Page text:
Journal of Food: Microbiology, Safety & Hygiene

Journal of Food: Microbiology, Safety & Hygiene
Open Access

ISSN: 2476-2059

+44 1478 350008


Evaluation of Antimicrobial Resistance in Enterobacteriaceae and Coliforms Isolated on Farm, Packaged and Loose Vegetables in Kentucky

Avinash M Tope, Alexandra C Hitter and Shreya V Patel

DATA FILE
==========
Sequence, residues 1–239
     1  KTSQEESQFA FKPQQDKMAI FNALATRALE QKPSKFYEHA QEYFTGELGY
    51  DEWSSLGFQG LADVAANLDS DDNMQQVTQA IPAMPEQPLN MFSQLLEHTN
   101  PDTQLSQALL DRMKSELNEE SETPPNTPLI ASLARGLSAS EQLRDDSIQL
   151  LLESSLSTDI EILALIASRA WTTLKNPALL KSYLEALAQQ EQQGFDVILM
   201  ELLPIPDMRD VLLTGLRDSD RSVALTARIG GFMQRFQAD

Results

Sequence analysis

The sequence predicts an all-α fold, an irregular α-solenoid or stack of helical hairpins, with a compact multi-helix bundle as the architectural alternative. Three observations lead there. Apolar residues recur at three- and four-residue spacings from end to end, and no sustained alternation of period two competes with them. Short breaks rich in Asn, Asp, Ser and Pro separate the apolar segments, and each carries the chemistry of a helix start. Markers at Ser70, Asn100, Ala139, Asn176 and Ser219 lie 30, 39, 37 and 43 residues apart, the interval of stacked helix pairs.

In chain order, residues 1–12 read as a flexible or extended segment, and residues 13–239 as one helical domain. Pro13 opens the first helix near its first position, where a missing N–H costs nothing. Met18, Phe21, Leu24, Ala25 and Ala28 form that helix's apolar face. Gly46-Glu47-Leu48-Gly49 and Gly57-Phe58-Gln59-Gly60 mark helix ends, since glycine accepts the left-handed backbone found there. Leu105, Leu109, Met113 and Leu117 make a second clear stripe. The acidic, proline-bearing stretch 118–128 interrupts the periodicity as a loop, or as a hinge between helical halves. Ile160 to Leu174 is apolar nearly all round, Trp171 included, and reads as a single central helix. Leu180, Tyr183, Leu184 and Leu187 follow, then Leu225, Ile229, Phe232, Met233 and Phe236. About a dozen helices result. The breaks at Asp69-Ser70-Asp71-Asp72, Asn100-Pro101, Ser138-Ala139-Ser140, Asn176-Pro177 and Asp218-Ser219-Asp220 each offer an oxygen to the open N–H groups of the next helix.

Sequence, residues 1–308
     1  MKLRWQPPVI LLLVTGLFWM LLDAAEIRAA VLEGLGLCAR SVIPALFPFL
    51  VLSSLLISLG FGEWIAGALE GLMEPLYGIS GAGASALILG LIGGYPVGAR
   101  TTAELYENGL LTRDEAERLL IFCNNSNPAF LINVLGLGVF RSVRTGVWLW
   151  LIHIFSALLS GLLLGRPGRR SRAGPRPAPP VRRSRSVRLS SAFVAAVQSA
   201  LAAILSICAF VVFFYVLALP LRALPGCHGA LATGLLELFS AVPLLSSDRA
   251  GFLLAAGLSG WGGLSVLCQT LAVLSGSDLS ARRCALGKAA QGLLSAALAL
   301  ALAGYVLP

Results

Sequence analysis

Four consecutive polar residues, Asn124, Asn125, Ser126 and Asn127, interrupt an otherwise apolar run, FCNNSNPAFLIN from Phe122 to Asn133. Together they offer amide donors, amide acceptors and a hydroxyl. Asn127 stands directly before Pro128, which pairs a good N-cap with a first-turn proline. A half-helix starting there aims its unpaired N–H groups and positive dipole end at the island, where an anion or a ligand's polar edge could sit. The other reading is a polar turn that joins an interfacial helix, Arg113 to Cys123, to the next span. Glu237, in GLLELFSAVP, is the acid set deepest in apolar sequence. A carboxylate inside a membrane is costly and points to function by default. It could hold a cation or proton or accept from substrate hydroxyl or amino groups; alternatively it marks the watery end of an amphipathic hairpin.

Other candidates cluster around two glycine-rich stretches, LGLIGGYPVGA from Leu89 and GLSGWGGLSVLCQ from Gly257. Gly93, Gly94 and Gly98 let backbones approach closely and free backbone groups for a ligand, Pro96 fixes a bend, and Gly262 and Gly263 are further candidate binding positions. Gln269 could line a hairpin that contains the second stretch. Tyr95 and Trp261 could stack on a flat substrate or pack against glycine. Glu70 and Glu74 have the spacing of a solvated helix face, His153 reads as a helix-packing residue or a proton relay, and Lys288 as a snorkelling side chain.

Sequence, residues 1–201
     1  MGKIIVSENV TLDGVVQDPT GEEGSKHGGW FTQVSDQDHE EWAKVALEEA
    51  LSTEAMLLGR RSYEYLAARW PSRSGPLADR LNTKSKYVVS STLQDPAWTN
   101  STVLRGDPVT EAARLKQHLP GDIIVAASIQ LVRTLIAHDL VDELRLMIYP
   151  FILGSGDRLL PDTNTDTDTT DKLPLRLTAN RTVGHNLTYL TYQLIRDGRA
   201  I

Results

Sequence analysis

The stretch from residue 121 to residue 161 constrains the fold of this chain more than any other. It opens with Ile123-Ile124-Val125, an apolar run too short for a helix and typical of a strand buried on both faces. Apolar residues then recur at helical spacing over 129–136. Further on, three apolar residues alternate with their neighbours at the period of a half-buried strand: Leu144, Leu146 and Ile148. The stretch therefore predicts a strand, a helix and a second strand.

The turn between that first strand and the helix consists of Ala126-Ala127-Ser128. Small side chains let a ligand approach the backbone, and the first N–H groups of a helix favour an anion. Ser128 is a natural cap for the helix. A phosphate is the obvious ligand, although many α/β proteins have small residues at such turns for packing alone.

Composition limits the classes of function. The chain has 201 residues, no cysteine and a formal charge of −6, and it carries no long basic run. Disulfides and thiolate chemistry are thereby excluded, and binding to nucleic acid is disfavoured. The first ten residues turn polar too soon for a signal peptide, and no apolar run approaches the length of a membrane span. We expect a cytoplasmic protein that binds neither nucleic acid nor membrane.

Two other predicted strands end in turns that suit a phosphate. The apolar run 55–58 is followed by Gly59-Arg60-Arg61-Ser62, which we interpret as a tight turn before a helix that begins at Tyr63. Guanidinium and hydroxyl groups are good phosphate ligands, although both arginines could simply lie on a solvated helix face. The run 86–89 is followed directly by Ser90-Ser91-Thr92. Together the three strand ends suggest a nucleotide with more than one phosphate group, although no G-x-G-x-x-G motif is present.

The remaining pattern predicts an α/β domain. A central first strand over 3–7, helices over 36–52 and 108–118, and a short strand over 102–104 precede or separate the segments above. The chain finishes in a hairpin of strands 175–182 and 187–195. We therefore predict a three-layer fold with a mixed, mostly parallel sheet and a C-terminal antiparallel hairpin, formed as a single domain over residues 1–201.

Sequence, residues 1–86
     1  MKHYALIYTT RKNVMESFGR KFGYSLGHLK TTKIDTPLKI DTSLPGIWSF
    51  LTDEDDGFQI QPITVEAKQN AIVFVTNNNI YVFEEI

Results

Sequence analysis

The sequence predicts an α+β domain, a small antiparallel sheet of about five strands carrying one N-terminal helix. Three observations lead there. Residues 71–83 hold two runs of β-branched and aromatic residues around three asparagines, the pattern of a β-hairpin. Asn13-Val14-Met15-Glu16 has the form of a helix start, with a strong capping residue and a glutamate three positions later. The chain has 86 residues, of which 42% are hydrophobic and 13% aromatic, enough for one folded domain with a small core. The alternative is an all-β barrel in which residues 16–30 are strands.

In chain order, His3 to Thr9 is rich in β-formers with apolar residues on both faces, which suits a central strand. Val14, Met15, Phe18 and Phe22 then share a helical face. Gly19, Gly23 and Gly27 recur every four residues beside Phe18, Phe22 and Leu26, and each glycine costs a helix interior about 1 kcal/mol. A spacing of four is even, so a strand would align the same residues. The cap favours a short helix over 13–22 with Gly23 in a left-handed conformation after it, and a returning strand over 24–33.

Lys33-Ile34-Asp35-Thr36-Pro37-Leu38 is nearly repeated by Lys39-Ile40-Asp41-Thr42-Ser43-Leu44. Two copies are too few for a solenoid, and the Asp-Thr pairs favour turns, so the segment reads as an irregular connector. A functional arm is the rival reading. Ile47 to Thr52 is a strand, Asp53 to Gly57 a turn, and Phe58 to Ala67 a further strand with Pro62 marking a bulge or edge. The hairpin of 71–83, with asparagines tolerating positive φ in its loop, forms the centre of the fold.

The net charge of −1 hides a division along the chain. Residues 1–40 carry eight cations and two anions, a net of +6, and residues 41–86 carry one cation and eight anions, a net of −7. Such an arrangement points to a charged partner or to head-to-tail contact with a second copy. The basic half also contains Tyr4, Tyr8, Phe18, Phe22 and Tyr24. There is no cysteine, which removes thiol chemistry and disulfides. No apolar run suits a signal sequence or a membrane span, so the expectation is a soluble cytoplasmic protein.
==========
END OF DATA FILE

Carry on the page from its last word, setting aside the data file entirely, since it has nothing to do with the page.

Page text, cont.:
Fresh produce normally carry epiphytic microorganisms; however, it can be contaminated with pathogenic bacteria. Categorized as ‘ready-to-eat’, most vegetables are consumed raw, thus, may present a food safety risk. Over the last three decades, global consumption of fresh vegetables has increased considerably, and the market has expanded by more than 20%. Concomitantly, the number of outbreaks involving fresh vegetables has increased significantly. Enterobacteriaceae members are involved in most of the bacterial outbreaks linked to fresh produce. There is a worldwide concern about the increased use of antimicrobials in agriculture. Antimicrobial resistant bacteria enter the food chain from the farm, often due to the use of animal manure. In the current study, the presence of entero-coliform bacteria and their antimicrobial susceptibilities in fresh vegetables sampled from small farms to retail was evaluated. Samples of vegetables were (i) collected directly from small farms from central Kentucky (n=59) and (ii) from four supermarkets in Frankfort, KY including loose and pre-packaged produce (n=72), analyzed for isolation of entero-coliform species. Members of the Enterobacteriaceae were detected on 25% of farm and 40% of retail produce, respectively. Approximately, 61% of the packaged produce and 19.4% of the loose produce had entero-bacterial presence, respectively. Their resistance to fourteen common antimicrobials was tested using Kirby-Bauer method. Approximately, 63% of isolates from farm and 70% of isolates from retail produce displayed resistance to at least three antimicrobial agents, while 18% of the isolates from farm and 41% from retail samples displayed resistance to at least ten antimicrobial agents. We conclude that ‘ready-to-eat’ fresh vegetables can be a source of exposure to pathogens with multiple drug resistance (MDR), defined as resistance to at-least three antimicrobial agents, leading to greater risks in immunocompromised individuals, and may serve as reservoirs for resistance gene transfers in human colon.